When was the last time you looked—really looked—at a dime? It is the smallest coin in U.S. circulation, so it takes a keen eye to see the very subtle “JS” just beneath Franklin D. Roosevelt’s truncated neck. These are the initials of John Sinnock, the U.S. Mint’s Chief Engraver from 1925 to 1947, who is credited with sculpting the profile of the 32nd president. However, institutions such as the Smithsonian American Art Museum—and even Roosevelt’s son—credit another sculptor with inspiring the design: Selma Burke, the illustrious Harlem Renaissance sculptor. So where is credit due? The answer is … complicated.
In 1943, 43-year-old Selma Burke won a Commission of Fine Arts competition and a rare opportunity to sculpt the president’s likeness for the new Recorder of Deeds Building in Washington, D.C. Burke, renowned for her Booker T. Washington bust, ran into some problems since she didn’t feel that photographs captured Roosevelt’s stature. So the sculptor wrote to the White House to request a live-sketch session. The administration, to her utter shock, agreed.
On February 22, 1944, Burke met with Roosevelt for 45 minutes, sketched his profile on a brown paper bag, and engaged in a lively conversation about their childhoods. At one point, Burke said, “Mr. President, could you hold your head like this?” He invited her back for another session the following day. About a year later, just months before Roosevelt’s death, Eleanor Roosevelt visited Burke’s home in New York to see the profile-in-progress. The first lady told her, “l think you’ve made Franklin too young.” To which Burke replied, “I didn’t make it for today, I made it for tomorrow and tomorrow.”
Roosevelt died five months before the official unveiling of the plaque, in September 1945. To commemorate his legacy and his founding of the March of Dimes to combat polio, the U.S. Mint and Congress proposed engraving his portrait on the dime, which at that point held the profile of the goddess Liberty wearing a winged cap. U.S. Mint Director Nellie Tayloe Ross (the first woman elected governor, in Wyoming), tapped Sinnock for the job.
Sinnock had experience sculpting presidents in profile. For years, he taught at Philadelphia Museum Art School, and in 1917 joined the Philadelphia mint as an assistant engraver. There, he designed presidential medals for Calvin Coolidge and Herbert Hoover, and later Roosevelt’s third inaugural presidential medal.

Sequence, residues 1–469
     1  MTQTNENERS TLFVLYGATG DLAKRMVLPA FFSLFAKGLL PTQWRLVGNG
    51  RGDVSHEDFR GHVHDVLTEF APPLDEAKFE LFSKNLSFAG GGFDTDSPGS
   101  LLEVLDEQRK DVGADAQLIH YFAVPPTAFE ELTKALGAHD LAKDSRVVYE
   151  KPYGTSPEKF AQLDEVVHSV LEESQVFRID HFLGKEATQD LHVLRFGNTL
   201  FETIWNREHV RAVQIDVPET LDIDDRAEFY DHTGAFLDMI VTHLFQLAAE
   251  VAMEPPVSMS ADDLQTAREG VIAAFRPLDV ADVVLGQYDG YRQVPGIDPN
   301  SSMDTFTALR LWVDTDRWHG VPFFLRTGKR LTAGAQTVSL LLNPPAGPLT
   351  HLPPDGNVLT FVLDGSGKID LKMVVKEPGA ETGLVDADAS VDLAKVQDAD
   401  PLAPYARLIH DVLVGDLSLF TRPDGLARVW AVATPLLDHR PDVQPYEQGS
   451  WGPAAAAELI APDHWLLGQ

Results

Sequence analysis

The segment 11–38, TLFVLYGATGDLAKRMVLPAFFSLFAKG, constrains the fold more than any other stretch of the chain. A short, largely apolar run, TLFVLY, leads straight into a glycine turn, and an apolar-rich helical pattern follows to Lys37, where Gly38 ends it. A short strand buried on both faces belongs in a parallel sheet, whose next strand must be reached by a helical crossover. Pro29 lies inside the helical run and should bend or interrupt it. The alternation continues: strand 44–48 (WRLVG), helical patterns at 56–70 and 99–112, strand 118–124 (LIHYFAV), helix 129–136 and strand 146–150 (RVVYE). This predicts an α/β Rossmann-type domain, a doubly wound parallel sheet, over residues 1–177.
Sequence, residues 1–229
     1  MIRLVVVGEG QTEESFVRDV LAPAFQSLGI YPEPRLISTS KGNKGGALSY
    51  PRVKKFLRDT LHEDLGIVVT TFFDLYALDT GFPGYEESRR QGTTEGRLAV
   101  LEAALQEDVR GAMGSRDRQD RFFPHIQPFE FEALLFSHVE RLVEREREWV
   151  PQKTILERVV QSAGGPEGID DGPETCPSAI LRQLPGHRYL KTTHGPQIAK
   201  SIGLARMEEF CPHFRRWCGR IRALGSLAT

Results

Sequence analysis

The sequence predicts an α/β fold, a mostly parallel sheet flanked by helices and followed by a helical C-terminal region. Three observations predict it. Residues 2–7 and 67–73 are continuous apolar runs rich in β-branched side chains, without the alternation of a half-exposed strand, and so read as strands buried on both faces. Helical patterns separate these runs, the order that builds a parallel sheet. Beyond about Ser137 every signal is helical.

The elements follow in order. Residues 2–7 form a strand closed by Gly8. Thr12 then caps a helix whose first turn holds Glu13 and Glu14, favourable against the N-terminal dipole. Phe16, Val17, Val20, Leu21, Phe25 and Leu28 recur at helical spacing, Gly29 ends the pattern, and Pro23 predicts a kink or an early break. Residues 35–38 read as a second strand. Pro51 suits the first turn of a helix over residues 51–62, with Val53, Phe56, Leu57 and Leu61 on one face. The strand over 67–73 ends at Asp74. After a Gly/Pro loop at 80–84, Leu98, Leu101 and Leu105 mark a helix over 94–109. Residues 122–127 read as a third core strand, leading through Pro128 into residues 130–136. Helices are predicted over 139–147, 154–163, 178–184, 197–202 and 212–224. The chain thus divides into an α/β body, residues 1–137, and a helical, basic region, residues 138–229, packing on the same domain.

In a 1946 interview with The Numismatic Scrapbook Magazine, Sinnock said he referenced old photographs and a “composite of two studies (sculpted in relief)” of Roosevelt for his work on the dime. He also sought “the advice and criticism of two prominent sculptors” who specialized in relief portraiture before submitting his final sketch to the Commission of Fine Arts on October 12, 1945. The new Roosevelt dime rolled into circulation the next year to much celebration—and controversy.
The dime’s most vocal critic was Burke. She claimed that the dime bore a striking resemblance to her portrait. Edward Rochette, former American Numismatic Association president, supported her argument, and went a step further, suggesting that the reverse of the dime was also inspired by the Four Freedoms sculpted into Burke’s plaque, though it’s not entirely clear how.
According to Rochette, Sinnock allegedly had also taken undue credit for the design of the Sesquicentennial of Independence half-dollar coin, which he sculpted based on sketches by another artist, John Frederick Lewis, after Sinnock’s own designs were rejected. Burke believed the administration change after Roosevelt’s death and her political affiliations were reasons her claims were dismissed. When she demanded an investigation into Sinnock, Burke said the FBI investigated her instead. Mooresville Museum president David Whitlow and Andy Poore, a local historian from Burke’s hometown in Mooresville, North Carolina, confirm Burke’s sentiments about the FBI. Under J. Edgar Hoover’s direction, Whitlow states, “the FBI was investigating everyone,” including many artists. Burke was also clear that she believed racism played a role. In a 1994 interview with journalist Steven Litt, she said, “This has happened to so many black people.”
Sinnock denied Burke’s accusations, and died just a year after the coin was issued. Years later, debate among numismatists continues. Some credit Burke unequivocally, while others have conducted side-by-side comparisons to suggest significant differences between the sculptures, particularly in Roosevelt’s nose and hair.
U.S. Mint officials cite Sinnock’s previous Roosevelt work as evidence that his initials on the coin are warranted. Brenda Gatling, a former U.S. Mint public spokesperson, told Litt that “both Ms. Burke and Sinnock conducted live sittings with the president” for their designs. Current U.S. Mint Curator Robert Goler states that, according to archival records, Sinnock began sculpting Roosevelt in 1936 for “a presidential medal,” and that he “used that particular design of Roosevelt multiple times between then and the president’s death in 1945, and it’s the same the design” on the dime. (Though the 1936 medal and dime profiles face opposite directions).
Burke continued sculpting, founded the Selma Burke School of Sculpture in New York and the Selma Burke Art Center in Pittsburgh, and was honored with the Women’s Caucus for Art lifetime achievement award in 1979. Even without credit for the dime, Whitlow says, “she was great in her own right,” and Poore concedes that “Sinnock was a talented artist.” But even until her death in 1995, Burke held on to her conviction about the dime: “Everybody knows I did it.”